Firms and wage inequality dynamics

July 28, 2022

Policies aimed at mitigating wage inequality, such as redistribution or access to services, frequently focus on workers. Fewer efforts are directed toward firms, despite their relevance for wage inequality dynamics.

This paper exploits a sharp reduction in Portuguese inequality over the last decades – driven exclusively by the compression of firm pay premiums – to pin down the role of firms in the evolution of wage inequality. Over the past two decades, Portugal witnessed a 20 percent decline in wage inequality (see panel A of the figure), almost single-handedly driven by firms (see panel b of the figure).

Dynamics of Portuguese wage inequality
Caption: Dynamics of Portuguese wage inequality

Coupled with rich microdata linking employees to their employer, this setting provides a unique opportunity to determine why and how firms drive the dynamics of wage dispersion. Results show that skill intensity (i.e. how skill intensive the tasks within each firm are on average) within the firm, followed by firm labor productivity, are the primary drivers behind the decline of firm pay premium dispersion witnessed in Portugal over the course of the last century. Furthermore, these effects come almost entirely from a decline in the return to these “good-firm” characteristics (a decline in passthrough). An increasing share of workers earning the minimum wage and a reduction in labor market concentration also contributed to the fall in between- firm pay premium dispersion but had smaller roles. Due to these effects wage inequality fell. This occurred despite an increase in within-firm wage inequality driven by technological adoption.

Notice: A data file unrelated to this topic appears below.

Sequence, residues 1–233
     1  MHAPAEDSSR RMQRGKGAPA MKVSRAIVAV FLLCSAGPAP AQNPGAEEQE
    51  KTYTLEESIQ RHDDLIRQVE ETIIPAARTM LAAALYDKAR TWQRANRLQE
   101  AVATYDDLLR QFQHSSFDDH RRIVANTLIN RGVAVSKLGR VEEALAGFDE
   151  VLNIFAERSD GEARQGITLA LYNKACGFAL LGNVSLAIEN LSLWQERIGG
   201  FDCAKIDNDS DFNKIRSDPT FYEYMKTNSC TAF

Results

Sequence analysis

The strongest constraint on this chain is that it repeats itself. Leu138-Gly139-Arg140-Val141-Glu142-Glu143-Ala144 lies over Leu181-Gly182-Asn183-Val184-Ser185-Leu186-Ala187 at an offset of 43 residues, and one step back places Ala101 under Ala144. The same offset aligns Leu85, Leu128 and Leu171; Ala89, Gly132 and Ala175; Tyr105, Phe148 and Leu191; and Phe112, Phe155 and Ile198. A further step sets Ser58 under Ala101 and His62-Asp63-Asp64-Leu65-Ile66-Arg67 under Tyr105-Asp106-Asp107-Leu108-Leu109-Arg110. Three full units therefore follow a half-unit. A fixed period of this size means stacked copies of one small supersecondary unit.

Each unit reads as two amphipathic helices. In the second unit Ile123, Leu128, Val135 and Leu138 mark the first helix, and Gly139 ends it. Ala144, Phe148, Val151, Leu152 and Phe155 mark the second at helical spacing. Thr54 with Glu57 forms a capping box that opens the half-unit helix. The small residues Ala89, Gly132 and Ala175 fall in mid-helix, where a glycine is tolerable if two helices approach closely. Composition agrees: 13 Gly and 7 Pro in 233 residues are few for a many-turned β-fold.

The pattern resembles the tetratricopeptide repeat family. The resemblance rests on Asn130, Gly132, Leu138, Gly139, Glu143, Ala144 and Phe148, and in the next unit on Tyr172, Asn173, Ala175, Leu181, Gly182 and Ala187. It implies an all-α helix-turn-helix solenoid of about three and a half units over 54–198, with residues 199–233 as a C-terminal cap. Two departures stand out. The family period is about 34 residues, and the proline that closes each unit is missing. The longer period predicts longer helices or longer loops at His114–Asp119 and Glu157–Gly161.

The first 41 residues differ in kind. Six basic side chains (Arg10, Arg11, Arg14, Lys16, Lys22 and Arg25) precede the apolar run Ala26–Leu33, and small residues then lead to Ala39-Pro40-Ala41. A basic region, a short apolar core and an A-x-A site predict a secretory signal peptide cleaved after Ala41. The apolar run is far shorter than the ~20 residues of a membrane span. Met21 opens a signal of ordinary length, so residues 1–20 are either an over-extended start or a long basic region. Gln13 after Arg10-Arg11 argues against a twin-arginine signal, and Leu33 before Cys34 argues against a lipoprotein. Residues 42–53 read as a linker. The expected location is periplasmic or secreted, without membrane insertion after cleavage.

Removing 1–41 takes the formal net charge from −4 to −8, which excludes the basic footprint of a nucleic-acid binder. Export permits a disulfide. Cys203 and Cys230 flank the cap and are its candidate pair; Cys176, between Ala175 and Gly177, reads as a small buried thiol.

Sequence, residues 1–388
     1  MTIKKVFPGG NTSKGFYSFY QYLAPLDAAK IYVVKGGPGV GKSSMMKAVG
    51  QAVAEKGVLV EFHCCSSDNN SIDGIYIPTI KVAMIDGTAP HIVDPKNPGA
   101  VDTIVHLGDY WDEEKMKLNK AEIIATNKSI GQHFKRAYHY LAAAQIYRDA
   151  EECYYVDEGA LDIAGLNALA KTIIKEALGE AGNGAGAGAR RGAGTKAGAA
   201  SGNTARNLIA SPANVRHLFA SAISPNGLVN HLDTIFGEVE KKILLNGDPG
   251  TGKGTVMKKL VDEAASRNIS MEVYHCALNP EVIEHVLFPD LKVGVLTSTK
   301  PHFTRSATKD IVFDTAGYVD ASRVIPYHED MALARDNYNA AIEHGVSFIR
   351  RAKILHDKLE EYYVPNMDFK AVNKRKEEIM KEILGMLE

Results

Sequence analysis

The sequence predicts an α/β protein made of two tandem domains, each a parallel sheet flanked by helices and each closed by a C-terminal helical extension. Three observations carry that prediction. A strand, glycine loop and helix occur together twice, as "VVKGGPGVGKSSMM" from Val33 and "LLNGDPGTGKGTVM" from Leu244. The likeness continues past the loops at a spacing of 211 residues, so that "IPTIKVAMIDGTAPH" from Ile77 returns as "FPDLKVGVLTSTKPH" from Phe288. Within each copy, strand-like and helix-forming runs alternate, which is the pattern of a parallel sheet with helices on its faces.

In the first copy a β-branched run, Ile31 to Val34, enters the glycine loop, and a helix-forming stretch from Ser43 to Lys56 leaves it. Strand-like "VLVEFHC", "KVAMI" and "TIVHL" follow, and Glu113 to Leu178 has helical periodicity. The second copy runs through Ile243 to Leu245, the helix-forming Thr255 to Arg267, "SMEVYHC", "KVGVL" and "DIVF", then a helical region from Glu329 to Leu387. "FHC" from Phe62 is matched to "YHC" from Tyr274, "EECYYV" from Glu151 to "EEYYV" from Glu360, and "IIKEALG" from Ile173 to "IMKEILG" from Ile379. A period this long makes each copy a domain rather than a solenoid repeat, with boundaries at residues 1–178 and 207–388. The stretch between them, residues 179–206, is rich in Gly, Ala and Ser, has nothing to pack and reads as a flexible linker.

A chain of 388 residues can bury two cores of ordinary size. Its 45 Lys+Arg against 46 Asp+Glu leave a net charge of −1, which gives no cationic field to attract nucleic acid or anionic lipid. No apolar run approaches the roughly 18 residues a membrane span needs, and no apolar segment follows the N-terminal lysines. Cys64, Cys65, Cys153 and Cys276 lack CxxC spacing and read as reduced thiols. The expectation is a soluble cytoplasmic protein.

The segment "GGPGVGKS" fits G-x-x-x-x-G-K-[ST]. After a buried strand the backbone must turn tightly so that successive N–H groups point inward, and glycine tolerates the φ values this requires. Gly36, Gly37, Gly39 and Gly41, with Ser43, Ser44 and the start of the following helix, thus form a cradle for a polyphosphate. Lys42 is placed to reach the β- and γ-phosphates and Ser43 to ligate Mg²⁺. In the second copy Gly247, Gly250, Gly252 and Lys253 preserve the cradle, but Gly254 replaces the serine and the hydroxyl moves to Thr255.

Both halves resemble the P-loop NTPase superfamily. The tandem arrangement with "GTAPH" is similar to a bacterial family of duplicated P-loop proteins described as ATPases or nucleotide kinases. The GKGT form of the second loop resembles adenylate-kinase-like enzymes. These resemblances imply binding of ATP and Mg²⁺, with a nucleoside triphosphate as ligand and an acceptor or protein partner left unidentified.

The findings suggest that understanding firms’ incentives and promoting policies that affect product market concentration and/or foster productivity and technology adoption for low-technology firms will be key for shaping inequality. These policies constitute an important complement to worker side polices focused on education, worker mobility and access to services.

Click here to go to the paper by Joana Silva, Jaime Montana, and Martim Leitão.


Share this content